Having searched through countless Tudor coronary reports, Gunn came across the report of a young Jane Shaxspeare drowning in 1569, with “tantalising” links to Ophelia. Due to the similarities of the names, Gunn told the Cherwell, Shaxspeare and Shakespeare might well have been cousins as not much is known about Shakespeare’s family beyond his father. Furthermore, as both Shakespeare and Shaxspeare lived only 20 miles apart and were only 3 years apart in age, it is very likely that William would have been aware of this story and drawn some inspiration from it.
The coroner’s report describes the two and a half year old Jane Shaxspeare picking marigolds in a stream by Upton Millpond, Worcestershire, and then falling in, upon which she “instantly died”. As concluded by the report, “And thus the aforesaid flowers were the cause of death of the aforesaid Jane”.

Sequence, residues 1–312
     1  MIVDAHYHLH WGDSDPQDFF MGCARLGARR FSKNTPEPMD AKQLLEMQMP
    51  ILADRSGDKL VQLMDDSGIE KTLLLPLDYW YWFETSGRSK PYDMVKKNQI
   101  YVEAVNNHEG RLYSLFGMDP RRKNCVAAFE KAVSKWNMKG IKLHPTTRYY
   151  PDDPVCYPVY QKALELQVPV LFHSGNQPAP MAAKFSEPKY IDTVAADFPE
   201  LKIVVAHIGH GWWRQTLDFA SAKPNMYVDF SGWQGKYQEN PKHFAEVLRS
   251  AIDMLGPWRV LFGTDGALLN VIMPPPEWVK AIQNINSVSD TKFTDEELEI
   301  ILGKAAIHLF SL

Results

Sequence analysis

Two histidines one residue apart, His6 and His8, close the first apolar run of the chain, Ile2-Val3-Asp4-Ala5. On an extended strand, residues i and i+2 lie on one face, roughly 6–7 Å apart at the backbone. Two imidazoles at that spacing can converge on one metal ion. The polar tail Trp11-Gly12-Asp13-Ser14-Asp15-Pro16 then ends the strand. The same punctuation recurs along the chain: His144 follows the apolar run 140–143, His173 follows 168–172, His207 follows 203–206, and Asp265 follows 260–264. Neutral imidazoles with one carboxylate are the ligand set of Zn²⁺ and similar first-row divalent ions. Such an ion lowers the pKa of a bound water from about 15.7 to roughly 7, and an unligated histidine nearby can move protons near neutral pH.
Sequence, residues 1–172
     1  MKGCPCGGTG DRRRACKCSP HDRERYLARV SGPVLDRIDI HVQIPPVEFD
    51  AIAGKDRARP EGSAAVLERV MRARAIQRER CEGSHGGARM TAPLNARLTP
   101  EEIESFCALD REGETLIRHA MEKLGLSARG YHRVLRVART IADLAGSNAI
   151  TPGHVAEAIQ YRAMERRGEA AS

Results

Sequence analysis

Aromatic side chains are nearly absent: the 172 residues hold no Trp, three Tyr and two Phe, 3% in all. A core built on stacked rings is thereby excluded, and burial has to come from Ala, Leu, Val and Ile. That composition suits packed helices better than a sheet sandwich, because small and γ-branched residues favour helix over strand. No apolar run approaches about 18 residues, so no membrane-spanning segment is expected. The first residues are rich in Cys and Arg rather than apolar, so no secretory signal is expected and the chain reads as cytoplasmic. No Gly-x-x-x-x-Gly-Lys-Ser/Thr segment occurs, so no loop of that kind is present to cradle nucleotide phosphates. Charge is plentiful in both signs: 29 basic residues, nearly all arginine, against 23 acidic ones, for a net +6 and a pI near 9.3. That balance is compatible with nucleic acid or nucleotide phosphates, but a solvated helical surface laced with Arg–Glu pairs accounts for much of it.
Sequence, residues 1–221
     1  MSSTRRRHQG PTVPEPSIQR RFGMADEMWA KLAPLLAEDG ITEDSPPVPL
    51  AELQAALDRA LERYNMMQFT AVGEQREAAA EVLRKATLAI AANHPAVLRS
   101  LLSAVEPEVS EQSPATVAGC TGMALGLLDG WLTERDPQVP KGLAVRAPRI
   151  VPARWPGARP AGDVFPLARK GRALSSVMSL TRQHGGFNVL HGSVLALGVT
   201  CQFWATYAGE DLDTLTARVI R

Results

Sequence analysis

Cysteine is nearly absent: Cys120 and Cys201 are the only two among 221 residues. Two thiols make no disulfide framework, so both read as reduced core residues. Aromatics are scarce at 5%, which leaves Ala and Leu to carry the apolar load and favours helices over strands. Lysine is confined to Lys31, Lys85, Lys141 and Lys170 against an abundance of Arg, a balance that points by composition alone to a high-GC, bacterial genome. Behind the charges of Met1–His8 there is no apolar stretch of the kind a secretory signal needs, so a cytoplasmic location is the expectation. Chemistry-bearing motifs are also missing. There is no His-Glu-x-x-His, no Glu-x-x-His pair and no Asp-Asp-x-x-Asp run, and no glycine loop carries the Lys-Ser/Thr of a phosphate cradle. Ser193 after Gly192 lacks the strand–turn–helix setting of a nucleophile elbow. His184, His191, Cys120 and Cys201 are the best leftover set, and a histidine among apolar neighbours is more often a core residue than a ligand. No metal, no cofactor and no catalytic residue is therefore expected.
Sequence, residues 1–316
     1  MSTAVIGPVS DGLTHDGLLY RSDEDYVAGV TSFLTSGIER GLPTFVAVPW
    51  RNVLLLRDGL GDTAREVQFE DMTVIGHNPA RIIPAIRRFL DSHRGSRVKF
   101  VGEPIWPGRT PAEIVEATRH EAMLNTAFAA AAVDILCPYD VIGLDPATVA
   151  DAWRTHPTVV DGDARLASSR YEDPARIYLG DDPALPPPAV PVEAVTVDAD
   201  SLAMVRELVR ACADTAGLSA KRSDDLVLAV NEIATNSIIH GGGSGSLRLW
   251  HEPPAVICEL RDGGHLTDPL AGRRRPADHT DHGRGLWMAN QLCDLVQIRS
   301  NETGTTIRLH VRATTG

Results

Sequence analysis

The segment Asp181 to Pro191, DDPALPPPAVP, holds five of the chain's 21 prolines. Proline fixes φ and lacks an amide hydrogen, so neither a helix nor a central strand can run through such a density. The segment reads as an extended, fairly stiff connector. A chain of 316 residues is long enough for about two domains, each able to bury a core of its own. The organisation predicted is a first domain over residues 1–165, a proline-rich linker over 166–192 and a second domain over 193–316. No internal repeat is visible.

Gunn commented, “I don’t think we can know whether Jane Shaxspere’s drowning really inspired William to come up with the character of Ophelia, but it’s quite possible”.
The research forms part of a four year project with the Economic and Social Research Council, intended to discover as much as possible from coroner’s reports in sixteenth-century England.
Gunn continued, “Coroners’ reports of fatal accidents are a useful and hitherto under-studied way of exploring everyday life in Tudor England”.
Many of the reported Tudor deaths have appeared almost farcical however, with at least 3 people being killed by performing bears.
One Scottish figure also died having reportedly been trying to display a popular ‘pastime’ from his native country, involving lying down and being tied up. Even more mysterious is the man who died from his testicles being crushed during a ‘Christmas game’.
Gunn advice to History and English students is simply that the discovery of Jane Shaxspeare “is a reminder of the fascinating things out there to be found in archives”.